Denis Johnson, "On Fat City"

Tuesday, September 20, 2011

Long Drive Home, by Will Allison

Driving home with his daughter in the back seat, Glen Bauer flips off a cop, has a confrontation with an armed man in an SUV, is nearly hit by a teenager in a Jaguar convertible, and then in a snit causes an accident that kills that same teenager and might well have killed himself and his daughter. Is it any wonder that he lies about the circumstances of the accident? Not at all.

Given Glen's impulsiveness, perhaps some of the ways in which his life steadily deteriorates after the accident are also not surprising. Yet they are painful, not only because they hurt him and his daughter, but because they are self-inflicted (with help from his wife).

Long Drive Home is a sad commentary on human nature. Unfortunately, the writing is not good enough or the insights compelling enough to make it worth subjecting yourself to this story.

End of the Mystery Binge

So I've finished the stack of mysteries on my nightstand and am moving on to more serious reading (maybe). The last three in the stack were all decent reads:

Betrayal of Trust, by J.A. Jance. Jance writes four different series (note to James Patterson: she writes them herself!), which seems to keep each series fresh. Betrayal of Trust is the latest entry in the J.P. Beaumont series, her first (and still my favorite). J.P. and his wife Mel are called in to investigate when the governor finds what appears to be a snuff film on her step-grandson's phone--and things quickly go from bad to worse in a story of cyberbullying, sexual abuse, and amorality.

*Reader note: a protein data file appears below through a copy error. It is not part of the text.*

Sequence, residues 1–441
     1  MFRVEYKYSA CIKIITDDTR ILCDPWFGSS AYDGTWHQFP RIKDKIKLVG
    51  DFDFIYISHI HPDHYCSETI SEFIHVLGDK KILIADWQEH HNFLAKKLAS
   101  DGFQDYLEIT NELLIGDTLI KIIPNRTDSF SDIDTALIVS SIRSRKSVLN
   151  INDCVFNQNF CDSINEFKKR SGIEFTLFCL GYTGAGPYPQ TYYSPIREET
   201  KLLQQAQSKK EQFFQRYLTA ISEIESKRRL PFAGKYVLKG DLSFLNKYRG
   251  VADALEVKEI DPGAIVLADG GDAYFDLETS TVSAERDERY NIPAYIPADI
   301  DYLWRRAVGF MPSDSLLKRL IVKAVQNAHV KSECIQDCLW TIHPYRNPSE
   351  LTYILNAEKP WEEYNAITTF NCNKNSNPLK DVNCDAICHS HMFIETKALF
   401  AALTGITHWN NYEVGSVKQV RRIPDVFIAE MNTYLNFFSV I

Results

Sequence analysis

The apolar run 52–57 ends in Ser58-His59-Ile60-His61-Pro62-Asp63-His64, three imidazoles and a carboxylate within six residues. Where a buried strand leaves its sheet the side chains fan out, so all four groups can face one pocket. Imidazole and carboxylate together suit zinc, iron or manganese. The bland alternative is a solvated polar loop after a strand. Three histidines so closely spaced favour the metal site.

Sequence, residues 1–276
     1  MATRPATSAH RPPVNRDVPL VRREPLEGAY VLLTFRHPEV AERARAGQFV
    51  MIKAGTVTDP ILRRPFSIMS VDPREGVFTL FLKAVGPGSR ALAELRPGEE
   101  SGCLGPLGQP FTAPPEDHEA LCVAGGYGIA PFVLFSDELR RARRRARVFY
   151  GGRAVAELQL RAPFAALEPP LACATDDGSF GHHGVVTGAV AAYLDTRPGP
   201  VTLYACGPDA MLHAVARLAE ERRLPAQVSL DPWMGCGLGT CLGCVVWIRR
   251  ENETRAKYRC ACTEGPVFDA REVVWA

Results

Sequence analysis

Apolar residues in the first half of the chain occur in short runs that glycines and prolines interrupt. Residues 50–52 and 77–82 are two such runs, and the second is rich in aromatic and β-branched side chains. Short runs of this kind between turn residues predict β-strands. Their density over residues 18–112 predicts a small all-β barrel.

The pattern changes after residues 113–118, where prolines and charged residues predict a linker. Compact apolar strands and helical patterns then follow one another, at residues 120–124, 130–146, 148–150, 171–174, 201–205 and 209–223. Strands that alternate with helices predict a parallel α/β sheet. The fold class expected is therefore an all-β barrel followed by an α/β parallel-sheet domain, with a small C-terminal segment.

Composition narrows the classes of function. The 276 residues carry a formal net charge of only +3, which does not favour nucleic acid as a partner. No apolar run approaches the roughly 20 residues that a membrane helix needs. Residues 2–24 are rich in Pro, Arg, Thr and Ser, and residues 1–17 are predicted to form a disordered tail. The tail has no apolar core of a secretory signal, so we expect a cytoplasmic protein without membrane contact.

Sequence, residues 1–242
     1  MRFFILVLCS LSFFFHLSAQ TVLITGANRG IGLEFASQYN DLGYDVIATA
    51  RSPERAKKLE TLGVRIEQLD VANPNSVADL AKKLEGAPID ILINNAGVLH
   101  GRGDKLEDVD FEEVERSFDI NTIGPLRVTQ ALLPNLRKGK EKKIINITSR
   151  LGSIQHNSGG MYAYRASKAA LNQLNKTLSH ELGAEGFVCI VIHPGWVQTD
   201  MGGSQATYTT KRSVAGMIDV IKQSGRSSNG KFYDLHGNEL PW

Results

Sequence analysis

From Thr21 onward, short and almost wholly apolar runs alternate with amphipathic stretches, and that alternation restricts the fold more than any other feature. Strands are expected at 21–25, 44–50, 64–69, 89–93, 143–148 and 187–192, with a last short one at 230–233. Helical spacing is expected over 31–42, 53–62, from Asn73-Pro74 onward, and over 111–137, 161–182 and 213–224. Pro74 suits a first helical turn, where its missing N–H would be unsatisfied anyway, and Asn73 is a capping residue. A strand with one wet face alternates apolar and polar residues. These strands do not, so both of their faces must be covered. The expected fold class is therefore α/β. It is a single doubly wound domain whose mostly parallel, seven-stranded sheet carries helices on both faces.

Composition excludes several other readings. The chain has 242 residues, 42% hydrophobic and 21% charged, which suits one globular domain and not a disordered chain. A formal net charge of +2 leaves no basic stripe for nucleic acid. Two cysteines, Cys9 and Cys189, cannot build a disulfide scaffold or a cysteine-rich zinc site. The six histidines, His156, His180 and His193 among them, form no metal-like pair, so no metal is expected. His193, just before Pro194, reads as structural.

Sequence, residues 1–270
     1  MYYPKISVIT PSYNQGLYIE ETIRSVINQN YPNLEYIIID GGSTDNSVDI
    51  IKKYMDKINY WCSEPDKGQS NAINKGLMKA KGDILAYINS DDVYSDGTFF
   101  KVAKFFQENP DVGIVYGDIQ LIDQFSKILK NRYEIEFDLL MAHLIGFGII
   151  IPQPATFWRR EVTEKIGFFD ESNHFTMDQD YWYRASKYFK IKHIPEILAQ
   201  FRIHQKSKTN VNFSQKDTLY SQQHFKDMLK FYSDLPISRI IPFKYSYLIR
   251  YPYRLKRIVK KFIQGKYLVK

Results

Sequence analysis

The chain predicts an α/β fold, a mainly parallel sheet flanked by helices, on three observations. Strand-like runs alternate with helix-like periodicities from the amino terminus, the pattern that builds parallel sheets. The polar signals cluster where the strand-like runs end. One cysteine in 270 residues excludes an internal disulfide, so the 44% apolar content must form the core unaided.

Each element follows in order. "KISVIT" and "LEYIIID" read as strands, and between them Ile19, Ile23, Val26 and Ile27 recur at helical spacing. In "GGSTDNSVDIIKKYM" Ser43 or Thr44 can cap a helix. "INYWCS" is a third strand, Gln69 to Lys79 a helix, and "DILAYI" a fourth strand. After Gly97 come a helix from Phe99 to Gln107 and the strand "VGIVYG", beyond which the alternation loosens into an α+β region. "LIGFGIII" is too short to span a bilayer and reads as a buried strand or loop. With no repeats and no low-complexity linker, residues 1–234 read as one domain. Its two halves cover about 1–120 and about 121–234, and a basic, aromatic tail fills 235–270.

The Silent Girl, by Tess Gerritsen. Gerritsen has a vivid and dark imagination, and in this entry in the Rizzoli and Isles series (which bears little resemblance to the tv series it has spawned), she gives that imagination full rein. The case opens with a Chinatown tour group's discovery of a severed hand. Soon Jane and Maura are investigating not only this murder but a 19-year-old murder-suicide (or so it appeared) at a restaurant in Chinatown. Chinese folk tales, a mysterious monkey-like being, and an martial arts master all play into the case.

Broken Prey, by John Sandford. Like J.A. Jance, Sandford writes more than one series and an occasional stand-alone book. Here, he returns to the Lucas Davenport series but with a twist. The bodies of two girls are found by a construction crew; the girls' disappearance was the first case Lucas investigated as a plainclothes cop (not officially promoted to detective yet). Half the book provides background on the investigation in the 1980s, introducing us to a younger and much less experienced Lucas than we have met before. The second half of the book describes the investigation following discovery of the girl's body--an investigation that proves deadly for one of Lucas's long-time friends. It's a sad story, with some foreshadowing that makes me wonder when Lucas's daughter Letty will implode!

Thursday, September 15, 2011

Flash and Bones, by Kathy Reichs